8. Elder Packer was always one of my favorite speakers too. His influence affected both my church life and my secular life. As a teacher, learning to teach from the writings of a master teacher has been invaluable.

    On a somewhat unrelated note: I’m currently taking a genealogy course in Sunday School. When I signed up, I anticipated learning about ways to research my ancestry. What I didn’t expect was the lesson about what I’m leaving behind for my posterity. As I read this post, the thought came to me that what you do here is quite a treasure for your posterity.

  9. Thank you for your tender thoughts. President Packer was also a hero of mine. I loved his training regarding priesthood ordinances – I read from/quote that one often. I loved his reminder in the training on the new Handbook that there should only be one “significant” calling per family at a time. But my favorite experience was the one time I was able to speak with him in person. My companion and I were invited to Elder Packer’s sister’s home for dinner in Eureka, Ca. He called to wish her a merry Christmas and she mentioned they had the Elders over for dinner. He asked to speak to each of us – and my memory is that he talked longer with us than he did with his sister. I hope he called later after we left. I’m sure I was the dumbest-sounding Elder in the history of missionaries I was so awe-struck. It felt like I was talking to Captain Moroni. The world has lost two of the most powerful voices for goodness and Christ-ness in President Packer and Elder Perry. Heaven’s gain, as it were. I celebrate for them the reunions sweet, and sorrow for the members of their Quorum. I know the remaining Brethren are well-prepared and neither they nor the Church will miss a beat. But it is okay to mourn even as we cinch up the bootstraps and bend back to the work at hand… this one feels harder for me personally.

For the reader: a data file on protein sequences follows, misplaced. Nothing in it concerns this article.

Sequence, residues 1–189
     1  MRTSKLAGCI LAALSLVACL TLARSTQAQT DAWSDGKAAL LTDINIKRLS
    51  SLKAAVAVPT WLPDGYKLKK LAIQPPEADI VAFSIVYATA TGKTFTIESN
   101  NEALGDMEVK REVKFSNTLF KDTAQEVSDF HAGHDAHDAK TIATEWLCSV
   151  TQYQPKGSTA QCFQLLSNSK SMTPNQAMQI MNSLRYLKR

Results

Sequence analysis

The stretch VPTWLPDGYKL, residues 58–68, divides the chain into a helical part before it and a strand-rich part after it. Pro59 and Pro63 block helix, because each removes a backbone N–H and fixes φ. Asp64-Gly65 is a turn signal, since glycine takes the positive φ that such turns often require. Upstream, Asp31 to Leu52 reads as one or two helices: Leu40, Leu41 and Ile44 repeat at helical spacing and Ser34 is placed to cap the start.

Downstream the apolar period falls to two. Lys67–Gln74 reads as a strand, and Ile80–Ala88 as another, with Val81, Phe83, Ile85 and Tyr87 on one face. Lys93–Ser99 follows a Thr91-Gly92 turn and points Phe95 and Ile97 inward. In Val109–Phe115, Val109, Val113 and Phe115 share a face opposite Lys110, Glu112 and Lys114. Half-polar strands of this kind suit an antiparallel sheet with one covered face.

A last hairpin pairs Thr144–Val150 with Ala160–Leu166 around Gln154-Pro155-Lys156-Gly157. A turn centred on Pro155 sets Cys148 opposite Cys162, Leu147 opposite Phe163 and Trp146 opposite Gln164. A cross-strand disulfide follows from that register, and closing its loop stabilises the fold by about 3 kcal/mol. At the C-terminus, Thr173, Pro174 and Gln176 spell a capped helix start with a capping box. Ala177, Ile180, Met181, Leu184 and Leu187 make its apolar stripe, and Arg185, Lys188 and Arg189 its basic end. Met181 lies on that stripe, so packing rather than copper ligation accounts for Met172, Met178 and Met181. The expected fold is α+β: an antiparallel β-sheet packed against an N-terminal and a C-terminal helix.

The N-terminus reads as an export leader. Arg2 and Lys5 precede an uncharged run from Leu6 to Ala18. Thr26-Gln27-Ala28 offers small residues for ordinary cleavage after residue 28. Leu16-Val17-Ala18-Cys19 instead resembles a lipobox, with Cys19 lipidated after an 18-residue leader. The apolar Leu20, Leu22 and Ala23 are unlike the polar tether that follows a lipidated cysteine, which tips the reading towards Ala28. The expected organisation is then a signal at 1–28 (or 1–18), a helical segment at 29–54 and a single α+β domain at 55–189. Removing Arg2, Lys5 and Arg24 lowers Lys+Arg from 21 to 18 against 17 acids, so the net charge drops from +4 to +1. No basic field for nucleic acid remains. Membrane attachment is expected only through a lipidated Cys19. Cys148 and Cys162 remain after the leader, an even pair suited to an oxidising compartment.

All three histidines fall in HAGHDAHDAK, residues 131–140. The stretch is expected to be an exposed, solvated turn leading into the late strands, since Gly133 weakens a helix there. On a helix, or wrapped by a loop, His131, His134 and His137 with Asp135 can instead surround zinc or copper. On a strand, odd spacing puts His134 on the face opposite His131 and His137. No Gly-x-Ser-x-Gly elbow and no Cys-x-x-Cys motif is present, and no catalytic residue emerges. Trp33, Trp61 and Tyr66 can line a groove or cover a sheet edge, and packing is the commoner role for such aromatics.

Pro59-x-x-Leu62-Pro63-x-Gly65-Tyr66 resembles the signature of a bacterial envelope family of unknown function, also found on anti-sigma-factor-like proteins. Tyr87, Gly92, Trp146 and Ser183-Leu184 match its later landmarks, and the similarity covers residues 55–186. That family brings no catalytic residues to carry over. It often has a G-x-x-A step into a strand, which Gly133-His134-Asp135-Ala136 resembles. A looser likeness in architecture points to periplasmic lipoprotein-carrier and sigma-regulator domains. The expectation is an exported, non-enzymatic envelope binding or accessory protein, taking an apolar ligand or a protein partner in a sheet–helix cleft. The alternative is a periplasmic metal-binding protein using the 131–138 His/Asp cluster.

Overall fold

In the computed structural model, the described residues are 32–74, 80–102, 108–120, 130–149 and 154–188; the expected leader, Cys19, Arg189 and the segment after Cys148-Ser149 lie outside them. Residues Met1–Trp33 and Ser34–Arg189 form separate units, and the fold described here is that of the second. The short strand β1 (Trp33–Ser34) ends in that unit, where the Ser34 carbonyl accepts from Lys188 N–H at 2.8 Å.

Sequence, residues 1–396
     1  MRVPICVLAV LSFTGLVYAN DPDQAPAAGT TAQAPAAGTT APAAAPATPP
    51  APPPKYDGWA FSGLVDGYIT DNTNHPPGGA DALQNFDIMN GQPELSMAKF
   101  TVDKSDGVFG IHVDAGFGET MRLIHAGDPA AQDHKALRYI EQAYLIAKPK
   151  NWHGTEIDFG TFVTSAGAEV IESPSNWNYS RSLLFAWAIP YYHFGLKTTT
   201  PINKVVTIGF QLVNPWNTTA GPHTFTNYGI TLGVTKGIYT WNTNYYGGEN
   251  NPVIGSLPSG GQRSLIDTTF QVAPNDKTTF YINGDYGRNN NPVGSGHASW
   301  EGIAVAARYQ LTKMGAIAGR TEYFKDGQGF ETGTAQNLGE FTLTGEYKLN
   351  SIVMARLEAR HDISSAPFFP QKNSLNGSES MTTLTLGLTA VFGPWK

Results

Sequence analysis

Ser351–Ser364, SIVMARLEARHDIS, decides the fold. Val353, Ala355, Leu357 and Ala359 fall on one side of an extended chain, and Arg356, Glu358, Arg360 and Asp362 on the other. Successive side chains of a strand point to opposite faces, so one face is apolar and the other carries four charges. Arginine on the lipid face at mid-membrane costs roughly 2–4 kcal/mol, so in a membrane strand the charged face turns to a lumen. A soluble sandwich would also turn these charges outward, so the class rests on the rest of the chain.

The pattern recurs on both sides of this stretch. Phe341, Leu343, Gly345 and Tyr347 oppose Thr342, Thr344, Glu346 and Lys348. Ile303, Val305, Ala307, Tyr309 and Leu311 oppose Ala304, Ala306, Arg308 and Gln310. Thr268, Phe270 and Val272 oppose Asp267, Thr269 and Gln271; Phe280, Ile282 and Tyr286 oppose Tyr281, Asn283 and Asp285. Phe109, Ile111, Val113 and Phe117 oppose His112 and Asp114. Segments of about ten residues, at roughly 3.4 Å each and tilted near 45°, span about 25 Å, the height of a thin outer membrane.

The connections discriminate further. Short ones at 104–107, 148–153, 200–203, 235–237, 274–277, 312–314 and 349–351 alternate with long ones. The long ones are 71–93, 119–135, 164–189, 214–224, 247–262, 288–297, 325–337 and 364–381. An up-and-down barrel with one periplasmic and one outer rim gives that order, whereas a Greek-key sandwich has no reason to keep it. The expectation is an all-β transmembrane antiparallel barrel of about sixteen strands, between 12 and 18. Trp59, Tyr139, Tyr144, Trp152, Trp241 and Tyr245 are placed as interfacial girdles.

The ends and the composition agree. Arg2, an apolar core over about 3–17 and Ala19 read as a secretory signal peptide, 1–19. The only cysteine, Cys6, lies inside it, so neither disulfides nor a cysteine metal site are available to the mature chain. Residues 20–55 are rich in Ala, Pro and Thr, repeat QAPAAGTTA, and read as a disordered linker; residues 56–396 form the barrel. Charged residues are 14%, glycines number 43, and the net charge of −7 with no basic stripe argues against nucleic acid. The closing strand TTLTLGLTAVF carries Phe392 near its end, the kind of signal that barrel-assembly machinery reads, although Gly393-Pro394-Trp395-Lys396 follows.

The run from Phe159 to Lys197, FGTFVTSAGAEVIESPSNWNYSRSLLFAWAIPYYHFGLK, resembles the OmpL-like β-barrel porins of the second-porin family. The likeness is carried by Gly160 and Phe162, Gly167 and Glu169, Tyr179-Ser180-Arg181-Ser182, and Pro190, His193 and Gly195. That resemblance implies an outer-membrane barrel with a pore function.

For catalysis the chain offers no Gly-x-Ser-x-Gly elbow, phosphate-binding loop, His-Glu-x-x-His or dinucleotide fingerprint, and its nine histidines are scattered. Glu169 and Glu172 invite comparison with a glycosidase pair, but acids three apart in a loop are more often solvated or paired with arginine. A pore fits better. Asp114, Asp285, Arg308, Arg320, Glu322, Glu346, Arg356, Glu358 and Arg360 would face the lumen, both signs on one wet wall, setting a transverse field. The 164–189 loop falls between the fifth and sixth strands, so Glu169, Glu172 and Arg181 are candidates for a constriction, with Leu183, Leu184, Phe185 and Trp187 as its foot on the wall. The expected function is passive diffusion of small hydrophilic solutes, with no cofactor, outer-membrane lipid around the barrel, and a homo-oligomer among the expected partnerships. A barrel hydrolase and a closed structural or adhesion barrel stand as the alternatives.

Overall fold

10. Awesome article. I loved Packer. I loved how he was a straight shooter and tackled the hard topics head on and never danced around them granted sometimes that made him unpopular but it personally made me love him more because he was a steady force against sin

  11. If I felt a sense of celebration for his passing, it was with great joy for a valiant servant of God, completing his earthly assignments, and returning to the arms of our Savior, whom he knew so well. If those who celebrated his passing, being glad he was gone and thinking that without his “vigorous [advocacy] for a highly conservative strain of Mormonism” they will see a softening of pure doctrine, they are mistaken. The Savior, who is at the head of this Church, is in charge. Not the precepts of men.

  12. This post made me cry about him passing all over again. He was truly one of my favorites. It makes me so sad that there are those that celebrated his passing! If only we could all be as fearless as him in standing up for the truth.